Filmed shark for 'Jaws'
Ron Taylor, 78, an Australian marine conservationist who helped film some of the dramatic underwater footage used in the classic shark thriller "Jaws," died Sunday at a Sydney hospital after battling leukemia.
Taylor and his wife, Valerie, spent years filming great white sharks and trying to persuade a wary public that the much-feared creatures were beautiful animals worthy of respect. Their stunning up-close images of sharks drew the attention of "Jaws" director Steven Spielberg, who asked the couple to capture footage of a great white for his 1975 blockbuster.
The Taylors shot much of the movie sequence in which a shark tears apart a cage holding one of the main characters.
They filmed off South Australia, using a miniature shark-proof cage with a very short diver inside in an attempt to make the real sharks look as large as the 25-foot mechanical shark used in the movie.
Taylor, a Sydney native, had a long love affair with the ocean but started out as a spearfisherman. In the 1950s, he had a change of heart in the midst of a spearfishing competition.
"I just thought, `What am I doing down here killing these poor, defenseless marine creatures?"' he told the Australian Broadcasting Corp. in 2005. "So I just packed up, went home — didn't even weigh my fish in — and never went back to another spearfishing competition."
He and his wife went on to shoot several documentaries, including "Blue Water, White Death" (1971), and provide underwater footage for such feature films as "The Blue Lagoon" (1980) and "Gallipoli" (1981).
Mario Armond Zamparelli
Chief designer for Howard Hughes
Mario Armond Zamparelli, 91, an artist who created logos, images and posters for reclusive billionaire Howard Hughes' many companies, died Saturday of heart failure, his family said. He had been a resident of La Cañada Flintridge and San Marino.
The artist, who worked in numerous styles and forms, was an illustrator for magazines in the early 1950s when Hughes came looking for someone to design posters for his RKO Pictures' movies. What followed was an association that continued until Hughes' death in 1976.
Zamparelli created numerous logos, images and designs for such companies as TWA, Hughes Helicopters, Hughes Aircraft and the Summa Corp. As Hughes' chief executive designer, Zamparelli oversaw the appearance of everything on both the inside and outside of Hughes' fleet of airplanes, as well as his Frontier Hotel, Desert Inn, Sands and Tropicana casinos in Las Vegas.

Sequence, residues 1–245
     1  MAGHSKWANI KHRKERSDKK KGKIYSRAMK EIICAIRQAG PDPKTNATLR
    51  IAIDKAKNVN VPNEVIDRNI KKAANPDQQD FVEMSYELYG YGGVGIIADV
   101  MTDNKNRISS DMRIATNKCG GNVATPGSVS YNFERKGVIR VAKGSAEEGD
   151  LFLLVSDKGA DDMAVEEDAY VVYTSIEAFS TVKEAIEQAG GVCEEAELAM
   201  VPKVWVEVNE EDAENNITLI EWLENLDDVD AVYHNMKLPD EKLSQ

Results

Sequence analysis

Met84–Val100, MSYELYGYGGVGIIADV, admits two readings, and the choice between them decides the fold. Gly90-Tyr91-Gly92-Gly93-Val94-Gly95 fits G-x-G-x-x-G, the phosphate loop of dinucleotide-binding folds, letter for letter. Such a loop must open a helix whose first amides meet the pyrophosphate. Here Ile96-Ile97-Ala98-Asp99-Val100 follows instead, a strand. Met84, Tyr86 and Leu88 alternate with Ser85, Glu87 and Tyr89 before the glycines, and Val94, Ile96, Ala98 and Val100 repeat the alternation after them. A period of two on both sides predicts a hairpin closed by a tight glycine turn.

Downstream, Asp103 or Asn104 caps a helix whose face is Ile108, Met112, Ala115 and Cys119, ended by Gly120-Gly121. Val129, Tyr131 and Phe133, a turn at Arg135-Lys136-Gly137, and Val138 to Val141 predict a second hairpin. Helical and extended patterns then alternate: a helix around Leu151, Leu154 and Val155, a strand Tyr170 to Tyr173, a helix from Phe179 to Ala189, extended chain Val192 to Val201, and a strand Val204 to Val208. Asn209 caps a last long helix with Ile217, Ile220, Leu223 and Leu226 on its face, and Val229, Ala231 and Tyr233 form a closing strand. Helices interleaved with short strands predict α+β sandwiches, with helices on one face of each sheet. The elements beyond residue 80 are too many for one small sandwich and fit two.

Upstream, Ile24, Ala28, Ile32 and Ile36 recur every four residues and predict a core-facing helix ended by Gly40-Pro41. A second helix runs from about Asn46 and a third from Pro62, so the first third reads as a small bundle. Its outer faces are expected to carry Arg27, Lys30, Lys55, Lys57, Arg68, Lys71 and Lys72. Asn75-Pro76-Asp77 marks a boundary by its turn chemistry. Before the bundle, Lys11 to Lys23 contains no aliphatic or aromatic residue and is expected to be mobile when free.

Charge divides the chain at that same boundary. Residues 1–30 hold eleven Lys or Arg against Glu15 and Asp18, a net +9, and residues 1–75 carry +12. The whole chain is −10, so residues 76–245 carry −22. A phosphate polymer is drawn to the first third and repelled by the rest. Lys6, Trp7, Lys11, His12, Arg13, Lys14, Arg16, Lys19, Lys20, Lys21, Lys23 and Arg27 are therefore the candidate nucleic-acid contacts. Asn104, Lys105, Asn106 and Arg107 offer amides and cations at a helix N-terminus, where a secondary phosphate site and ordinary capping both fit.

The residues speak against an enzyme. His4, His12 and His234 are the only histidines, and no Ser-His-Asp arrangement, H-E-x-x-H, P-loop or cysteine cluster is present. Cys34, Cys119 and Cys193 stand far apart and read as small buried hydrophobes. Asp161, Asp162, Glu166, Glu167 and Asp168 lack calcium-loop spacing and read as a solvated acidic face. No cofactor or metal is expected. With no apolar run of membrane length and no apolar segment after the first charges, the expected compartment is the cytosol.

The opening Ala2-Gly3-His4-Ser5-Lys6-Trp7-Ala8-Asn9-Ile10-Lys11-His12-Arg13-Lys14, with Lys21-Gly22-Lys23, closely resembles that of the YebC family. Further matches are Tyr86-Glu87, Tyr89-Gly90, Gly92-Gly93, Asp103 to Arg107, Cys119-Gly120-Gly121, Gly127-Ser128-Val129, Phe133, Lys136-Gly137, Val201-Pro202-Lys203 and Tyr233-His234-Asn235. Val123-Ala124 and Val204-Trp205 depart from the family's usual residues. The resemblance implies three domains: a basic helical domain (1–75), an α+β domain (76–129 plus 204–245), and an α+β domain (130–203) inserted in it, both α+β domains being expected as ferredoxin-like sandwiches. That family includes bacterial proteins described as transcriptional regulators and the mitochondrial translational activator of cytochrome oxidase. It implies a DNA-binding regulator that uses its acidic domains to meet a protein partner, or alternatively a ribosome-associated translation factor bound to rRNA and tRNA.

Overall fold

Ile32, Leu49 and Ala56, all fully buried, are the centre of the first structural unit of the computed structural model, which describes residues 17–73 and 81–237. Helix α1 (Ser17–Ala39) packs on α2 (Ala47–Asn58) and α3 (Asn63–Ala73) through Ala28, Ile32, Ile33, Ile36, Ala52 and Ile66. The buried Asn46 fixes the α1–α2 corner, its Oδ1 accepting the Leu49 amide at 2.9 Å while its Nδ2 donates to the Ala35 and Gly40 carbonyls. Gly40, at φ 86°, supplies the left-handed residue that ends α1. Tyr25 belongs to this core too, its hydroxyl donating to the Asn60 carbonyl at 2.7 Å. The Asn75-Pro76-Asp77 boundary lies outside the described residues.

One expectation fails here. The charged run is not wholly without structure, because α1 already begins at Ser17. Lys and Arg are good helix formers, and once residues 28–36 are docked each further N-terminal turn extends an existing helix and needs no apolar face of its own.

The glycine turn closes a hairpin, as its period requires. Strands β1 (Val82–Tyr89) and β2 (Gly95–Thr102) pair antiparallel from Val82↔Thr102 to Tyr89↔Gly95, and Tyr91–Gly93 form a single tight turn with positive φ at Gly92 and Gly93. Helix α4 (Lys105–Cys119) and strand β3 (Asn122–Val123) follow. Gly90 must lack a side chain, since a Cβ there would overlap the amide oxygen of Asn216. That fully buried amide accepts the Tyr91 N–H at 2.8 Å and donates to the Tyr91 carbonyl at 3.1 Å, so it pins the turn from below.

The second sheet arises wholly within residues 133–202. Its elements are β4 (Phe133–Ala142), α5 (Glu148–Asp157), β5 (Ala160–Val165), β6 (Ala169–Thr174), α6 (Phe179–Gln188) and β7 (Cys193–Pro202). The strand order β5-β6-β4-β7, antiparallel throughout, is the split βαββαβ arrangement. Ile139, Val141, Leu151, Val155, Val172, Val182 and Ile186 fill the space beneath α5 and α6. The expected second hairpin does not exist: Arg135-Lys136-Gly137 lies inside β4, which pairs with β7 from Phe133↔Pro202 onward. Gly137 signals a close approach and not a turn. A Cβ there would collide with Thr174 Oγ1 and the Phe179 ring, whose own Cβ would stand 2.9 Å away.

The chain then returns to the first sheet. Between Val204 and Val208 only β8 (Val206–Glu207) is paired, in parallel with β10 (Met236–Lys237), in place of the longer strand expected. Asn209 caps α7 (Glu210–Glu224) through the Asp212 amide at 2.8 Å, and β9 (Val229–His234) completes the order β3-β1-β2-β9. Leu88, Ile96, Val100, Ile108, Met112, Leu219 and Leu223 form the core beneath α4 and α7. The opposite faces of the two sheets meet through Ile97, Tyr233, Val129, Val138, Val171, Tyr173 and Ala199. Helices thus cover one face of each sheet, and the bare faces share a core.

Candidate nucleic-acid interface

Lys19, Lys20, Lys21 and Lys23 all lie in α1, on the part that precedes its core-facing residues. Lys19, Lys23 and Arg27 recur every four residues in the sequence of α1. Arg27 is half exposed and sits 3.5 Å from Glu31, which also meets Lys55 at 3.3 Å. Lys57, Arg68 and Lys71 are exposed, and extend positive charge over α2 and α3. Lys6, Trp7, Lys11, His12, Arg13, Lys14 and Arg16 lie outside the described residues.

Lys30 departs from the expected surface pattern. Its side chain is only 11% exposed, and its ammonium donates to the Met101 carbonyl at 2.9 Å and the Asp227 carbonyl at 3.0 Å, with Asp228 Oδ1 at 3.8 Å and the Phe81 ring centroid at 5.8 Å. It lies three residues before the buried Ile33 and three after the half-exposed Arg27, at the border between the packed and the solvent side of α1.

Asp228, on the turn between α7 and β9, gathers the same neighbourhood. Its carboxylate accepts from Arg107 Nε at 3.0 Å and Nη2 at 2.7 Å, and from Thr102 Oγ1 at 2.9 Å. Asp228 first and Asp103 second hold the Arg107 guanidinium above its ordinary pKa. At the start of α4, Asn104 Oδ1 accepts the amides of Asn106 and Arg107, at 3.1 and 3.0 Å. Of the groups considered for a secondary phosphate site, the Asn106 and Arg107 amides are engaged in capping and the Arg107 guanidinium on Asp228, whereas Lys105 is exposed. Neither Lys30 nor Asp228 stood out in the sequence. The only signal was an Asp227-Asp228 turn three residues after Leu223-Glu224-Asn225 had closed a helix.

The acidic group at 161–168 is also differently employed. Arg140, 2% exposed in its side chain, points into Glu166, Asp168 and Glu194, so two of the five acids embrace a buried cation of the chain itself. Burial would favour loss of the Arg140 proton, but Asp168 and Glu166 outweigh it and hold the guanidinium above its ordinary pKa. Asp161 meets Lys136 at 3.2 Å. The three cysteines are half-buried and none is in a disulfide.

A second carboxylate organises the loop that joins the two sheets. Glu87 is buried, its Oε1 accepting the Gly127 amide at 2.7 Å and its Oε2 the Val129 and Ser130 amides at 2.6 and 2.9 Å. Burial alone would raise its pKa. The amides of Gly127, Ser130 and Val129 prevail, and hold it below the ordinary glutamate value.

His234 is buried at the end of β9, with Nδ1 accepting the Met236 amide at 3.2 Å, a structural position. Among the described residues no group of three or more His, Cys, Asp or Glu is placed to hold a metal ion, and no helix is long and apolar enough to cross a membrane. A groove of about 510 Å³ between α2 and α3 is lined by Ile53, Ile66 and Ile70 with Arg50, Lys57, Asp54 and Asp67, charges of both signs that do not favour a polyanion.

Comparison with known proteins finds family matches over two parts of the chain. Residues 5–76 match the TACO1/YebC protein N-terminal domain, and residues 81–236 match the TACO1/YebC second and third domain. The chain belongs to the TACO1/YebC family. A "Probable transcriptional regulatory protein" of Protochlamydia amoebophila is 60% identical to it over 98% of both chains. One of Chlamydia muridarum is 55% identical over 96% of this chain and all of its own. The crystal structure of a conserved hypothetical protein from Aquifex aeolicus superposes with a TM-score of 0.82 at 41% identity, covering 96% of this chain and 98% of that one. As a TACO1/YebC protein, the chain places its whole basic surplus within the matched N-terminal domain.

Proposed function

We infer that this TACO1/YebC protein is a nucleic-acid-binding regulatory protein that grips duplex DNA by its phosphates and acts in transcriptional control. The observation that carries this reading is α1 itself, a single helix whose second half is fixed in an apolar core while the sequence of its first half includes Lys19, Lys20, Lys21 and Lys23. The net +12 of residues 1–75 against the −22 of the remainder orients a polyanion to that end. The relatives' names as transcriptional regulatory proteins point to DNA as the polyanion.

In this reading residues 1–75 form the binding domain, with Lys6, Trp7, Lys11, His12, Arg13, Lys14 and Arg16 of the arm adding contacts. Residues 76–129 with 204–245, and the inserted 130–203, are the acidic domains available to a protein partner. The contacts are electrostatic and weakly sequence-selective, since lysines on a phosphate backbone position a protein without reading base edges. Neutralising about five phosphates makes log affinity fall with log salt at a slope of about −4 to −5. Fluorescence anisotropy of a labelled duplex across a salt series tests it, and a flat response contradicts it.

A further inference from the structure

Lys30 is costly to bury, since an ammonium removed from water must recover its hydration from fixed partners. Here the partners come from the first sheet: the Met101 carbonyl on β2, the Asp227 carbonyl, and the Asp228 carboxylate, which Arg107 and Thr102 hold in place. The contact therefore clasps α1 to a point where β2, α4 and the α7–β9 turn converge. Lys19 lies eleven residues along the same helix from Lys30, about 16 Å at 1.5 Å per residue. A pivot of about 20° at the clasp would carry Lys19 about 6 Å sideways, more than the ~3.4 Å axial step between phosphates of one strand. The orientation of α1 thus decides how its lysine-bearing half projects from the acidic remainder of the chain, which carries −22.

As a painter, Zamparelli created the only portrait of Hughes that the billionaire is believed to have sat for.
Zamparelli also worked as a commercial artist for other companies and as a fine artist.
Born in 1921 in New York City to Italian immigrant parents, Zamparelli showed artistic talent as a young man and studied at the Pratt Institute. He performed with an Army band in Europe during World War II.
Anne Shaw Price
Classical singer, arts benefactor
Anne Shaw Price, 89, a classically trained soprano and arts patron who with her husband, Harrison "Buzz" Price, supported local cultural organizations, died of natural causes Thursday in Pomona, her family announced.
Born Anne Shaw on Jan. 2, 1923, in Stockton, she grew up singing in church choirs. While attending Pomona College, she met her future husband, who was studying mechanical engineering at Caltech. They married in 1944 and raised four children. Her husband went on to become an internationally renowned research economist and a consultant to Walt Disney on his theme parks.
She performed as a soloist with symphony orchestras and choral groups, including the Los Angeles Master Chorale.
Besides singing with the L.A. Master Chorale, she was a founding board member and president of the organization. The Prices were also co-founders of Ryman Arts, an educational program for teenage artists. And she was a longtime trustee at her alma mater, Pomona College.
Her husband of 66 years died in 2010.
-- Los Angeles Times staff and wire reportsCopyright © 2015, The Baltimore Sun